It’s usually only considered a desirable option when the buyer is in the higher price bracket able to choose an apartment offering attractive views – and considering the abundance of high-rise development proposed across our major capitals, this is anything but a guarantee for the life of the property. Parking – if you’re lucky enough to get it – commonly requires a long trip up multiple levels of a multi-storey basement car park and then in peak hour, a queue to get out as cars ahead filter onto the busy main road (most high-rise development is located on busy main roads).

In addition to this, residing in the same building with so many others makes resolving owners’ corporation issues a relative nightmare. To get anything approved obviously requires a majority vote. If you’re fortunate enough to have a good showing at the annual meeting there may be a chance of getting a repair or dispute resolved. However, owners’ corporation meetings are sparsely attended at most low-rise developments with fewer than 20 units – therefore a majority showing at a meeting for a high-rise development, within which most units are rented along with a high proportion of foreign ownership, is unlikely.

Waiting for the lift and as it stops on its way up and down. Paying extortionate owners’ corporation fees to cover the size and various components of design (which often include a gym, swimming pool and high level security features) – all add up to buyers choosing to sit on the rental ladder rather than buying into a development that they’ll move out of as soon as they’re able. All in all, high rise is not currently offering the home buyer market what they want. It’s principally servicing rental needs.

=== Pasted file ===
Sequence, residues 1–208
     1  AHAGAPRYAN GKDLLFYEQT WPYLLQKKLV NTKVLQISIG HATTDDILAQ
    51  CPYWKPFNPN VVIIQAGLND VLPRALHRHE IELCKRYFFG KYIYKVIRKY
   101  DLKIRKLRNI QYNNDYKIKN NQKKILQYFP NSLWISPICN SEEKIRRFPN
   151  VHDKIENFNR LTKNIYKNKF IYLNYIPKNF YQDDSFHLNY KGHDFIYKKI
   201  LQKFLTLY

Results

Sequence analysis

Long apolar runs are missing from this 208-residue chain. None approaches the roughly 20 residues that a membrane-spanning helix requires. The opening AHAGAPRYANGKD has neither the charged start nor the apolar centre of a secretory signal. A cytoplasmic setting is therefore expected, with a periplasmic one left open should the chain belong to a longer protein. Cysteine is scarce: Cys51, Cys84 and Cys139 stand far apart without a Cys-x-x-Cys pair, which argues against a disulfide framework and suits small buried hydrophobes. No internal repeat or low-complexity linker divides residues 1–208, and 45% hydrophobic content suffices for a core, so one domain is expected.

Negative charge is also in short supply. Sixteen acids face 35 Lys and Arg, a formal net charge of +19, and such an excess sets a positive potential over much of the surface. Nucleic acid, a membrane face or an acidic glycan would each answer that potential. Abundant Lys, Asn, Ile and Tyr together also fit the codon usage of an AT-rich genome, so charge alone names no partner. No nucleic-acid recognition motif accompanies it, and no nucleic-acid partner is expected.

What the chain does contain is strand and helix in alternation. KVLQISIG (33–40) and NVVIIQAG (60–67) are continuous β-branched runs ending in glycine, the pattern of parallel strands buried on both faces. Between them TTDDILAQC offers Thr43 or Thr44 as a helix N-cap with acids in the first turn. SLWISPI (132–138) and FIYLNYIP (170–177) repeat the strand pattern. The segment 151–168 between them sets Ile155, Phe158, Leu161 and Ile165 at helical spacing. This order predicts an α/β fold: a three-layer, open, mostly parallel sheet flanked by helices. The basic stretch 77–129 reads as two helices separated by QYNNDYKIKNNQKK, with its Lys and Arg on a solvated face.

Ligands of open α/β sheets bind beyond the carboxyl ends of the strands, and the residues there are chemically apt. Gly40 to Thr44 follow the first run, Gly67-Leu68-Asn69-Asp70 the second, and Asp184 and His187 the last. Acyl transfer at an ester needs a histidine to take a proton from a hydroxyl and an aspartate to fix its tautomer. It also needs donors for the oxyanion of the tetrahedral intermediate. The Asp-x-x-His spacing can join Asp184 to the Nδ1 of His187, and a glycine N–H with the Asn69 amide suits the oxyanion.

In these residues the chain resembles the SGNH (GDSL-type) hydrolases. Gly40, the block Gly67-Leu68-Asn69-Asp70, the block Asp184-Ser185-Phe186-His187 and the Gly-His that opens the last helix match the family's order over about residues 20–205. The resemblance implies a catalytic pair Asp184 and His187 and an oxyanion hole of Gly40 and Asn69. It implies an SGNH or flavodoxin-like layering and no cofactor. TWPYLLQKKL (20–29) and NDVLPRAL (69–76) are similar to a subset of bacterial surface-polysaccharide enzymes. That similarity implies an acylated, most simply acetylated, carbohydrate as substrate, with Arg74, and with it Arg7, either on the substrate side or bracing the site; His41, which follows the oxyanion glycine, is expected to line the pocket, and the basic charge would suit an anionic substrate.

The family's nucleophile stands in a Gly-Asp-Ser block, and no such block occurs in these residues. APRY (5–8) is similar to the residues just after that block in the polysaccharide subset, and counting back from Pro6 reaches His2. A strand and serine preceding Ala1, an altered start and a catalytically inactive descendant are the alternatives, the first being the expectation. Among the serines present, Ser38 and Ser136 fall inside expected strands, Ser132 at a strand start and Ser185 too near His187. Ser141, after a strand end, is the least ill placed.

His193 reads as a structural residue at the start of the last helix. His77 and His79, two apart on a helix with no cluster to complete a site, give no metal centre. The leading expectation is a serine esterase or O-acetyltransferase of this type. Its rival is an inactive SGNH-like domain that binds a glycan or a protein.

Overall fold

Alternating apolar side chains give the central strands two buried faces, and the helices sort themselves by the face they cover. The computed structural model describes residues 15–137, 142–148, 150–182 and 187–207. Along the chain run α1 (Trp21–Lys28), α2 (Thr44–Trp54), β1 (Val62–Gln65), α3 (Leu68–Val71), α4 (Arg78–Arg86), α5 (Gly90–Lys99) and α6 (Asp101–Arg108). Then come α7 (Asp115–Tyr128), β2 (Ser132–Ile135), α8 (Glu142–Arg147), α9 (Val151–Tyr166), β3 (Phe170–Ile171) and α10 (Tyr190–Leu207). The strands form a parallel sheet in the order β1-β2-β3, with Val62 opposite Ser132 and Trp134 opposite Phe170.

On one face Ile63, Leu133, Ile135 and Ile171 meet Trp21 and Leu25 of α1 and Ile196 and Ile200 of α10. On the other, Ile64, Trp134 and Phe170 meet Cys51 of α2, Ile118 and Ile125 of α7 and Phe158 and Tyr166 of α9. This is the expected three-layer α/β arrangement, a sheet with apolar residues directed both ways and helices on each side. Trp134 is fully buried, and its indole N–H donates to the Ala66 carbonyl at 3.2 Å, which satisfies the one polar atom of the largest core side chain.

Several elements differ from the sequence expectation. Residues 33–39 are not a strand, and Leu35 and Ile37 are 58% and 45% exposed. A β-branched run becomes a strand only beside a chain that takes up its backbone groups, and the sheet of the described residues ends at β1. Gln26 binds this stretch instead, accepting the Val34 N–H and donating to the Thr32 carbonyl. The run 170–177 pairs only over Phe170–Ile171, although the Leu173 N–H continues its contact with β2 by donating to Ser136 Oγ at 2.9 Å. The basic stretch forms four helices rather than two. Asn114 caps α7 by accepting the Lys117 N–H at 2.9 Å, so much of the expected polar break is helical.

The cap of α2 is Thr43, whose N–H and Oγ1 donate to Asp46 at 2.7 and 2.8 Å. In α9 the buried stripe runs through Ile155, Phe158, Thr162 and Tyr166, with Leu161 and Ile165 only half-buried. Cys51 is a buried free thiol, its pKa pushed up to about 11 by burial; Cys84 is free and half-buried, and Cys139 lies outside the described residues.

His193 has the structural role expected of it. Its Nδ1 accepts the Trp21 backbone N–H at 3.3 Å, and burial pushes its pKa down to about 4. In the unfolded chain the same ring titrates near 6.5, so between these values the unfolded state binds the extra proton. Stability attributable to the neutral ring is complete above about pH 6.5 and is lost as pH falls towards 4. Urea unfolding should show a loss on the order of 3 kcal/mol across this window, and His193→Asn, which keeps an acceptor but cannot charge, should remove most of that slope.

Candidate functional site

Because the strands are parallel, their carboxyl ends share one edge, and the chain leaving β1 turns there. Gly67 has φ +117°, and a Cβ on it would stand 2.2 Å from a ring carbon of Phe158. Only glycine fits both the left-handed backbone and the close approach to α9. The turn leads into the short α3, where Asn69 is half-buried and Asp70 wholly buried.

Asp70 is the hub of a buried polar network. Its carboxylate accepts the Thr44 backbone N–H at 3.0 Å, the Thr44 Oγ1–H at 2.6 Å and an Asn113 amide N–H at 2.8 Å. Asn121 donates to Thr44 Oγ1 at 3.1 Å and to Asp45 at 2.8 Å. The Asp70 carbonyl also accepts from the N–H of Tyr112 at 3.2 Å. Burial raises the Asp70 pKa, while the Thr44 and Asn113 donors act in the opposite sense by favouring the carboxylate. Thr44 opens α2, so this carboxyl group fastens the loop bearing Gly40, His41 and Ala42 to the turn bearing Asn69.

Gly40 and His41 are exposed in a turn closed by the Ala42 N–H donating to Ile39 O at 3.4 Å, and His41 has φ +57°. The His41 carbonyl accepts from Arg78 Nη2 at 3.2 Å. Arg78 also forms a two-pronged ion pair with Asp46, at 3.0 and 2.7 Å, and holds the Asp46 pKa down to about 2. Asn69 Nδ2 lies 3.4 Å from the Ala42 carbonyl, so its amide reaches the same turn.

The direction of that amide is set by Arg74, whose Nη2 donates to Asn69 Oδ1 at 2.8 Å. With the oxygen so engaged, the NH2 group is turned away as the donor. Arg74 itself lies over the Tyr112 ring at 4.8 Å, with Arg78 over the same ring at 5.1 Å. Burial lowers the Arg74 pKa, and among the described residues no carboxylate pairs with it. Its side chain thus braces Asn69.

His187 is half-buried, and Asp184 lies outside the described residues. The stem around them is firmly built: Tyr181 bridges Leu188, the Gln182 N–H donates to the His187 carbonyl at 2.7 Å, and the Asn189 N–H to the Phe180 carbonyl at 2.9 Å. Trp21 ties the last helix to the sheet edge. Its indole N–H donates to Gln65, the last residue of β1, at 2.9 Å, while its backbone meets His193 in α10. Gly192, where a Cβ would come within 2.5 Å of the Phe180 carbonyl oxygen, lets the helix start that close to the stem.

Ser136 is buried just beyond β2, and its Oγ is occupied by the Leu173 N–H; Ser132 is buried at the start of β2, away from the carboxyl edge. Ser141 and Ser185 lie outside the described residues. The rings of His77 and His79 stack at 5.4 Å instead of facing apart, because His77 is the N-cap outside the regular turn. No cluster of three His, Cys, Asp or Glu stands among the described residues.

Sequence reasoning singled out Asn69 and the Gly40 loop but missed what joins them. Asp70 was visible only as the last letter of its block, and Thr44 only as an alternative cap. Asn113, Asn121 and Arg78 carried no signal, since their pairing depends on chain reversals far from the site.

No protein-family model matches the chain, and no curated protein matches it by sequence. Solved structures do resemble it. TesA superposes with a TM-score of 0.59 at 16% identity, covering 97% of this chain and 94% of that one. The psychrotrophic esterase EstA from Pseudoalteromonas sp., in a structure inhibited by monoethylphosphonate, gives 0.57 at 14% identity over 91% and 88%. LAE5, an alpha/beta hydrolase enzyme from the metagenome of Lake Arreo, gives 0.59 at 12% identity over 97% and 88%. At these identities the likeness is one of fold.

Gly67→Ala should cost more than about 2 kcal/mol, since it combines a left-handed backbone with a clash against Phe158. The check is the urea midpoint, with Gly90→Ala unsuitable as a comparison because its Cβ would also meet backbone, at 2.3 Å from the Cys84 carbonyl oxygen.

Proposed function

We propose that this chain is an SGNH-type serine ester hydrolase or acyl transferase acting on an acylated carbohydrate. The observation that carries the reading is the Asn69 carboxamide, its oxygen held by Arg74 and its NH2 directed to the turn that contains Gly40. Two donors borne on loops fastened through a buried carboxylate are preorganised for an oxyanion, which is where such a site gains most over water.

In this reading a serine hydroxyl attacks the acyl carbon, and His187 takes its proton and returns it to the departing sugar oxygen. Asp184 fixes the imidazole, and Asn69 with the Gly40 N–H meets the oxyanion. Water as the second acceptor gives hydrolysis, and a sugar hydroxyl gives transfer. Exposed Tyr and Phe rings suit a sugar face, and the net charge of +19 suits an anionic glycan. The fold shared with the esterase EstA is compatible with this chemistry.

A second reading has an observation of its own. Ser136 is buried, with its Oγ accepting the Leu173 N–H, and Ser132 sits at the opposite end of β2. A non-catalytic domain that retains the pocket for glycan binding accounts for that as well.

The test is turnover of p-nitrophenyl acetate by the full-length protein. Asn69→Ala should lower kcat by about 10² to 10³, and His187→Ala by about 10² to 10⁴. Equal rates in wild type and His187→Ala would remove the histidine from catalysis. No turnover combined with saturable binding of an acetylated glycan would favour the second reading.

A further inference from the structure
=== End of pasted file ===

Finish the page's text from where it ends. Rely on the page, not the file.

Having said this, there are high-density developments that are extremely successful and as a consequence, tightly held. Furthermore, it’s possible to develop models that are relatively “low rise” yet still take up a similar footprint, housing the same number of residents. Unlike high rise, where the outdoor communal areas are limited to rooftop gardens with space around the building (the required setbacks), which is generally unused, a low-rise design built around a central communal courtyard is a proven success. I can cite a few examples in Melbourne’s Southbank that attract consistent buyer demand and consequently when assessing the historical data, prove stable capital growth. Furthermore, the level of “perceived” density of a relatively low-rise yet high-density development, in comparison with residential tower blocks, is predictably much lower. There’s less overall impact on the street aspect for neighbouring homes and they are generally better received. However, regardless of the need to increase inner urban density, it’s also necessary to continue building a steady supply of new accommodation further away from our capitals if we accept population growth is inevitable.

Thus far, most first-home buyer schemes have focused on sweeping incentives that cover established real estate as well as new homes. Property advocates have long argued how essential it is to scrap incentives for established dwellings and if grants are needed at all – use them to fuel new growth. The “noisy” housing data when a grant is introduced and then withdrawn does no one any favors aside from the investor who manages to capture the wave when selling. We don’t need incentives to encourage the purchase of established real estate. The desirability factor is there already.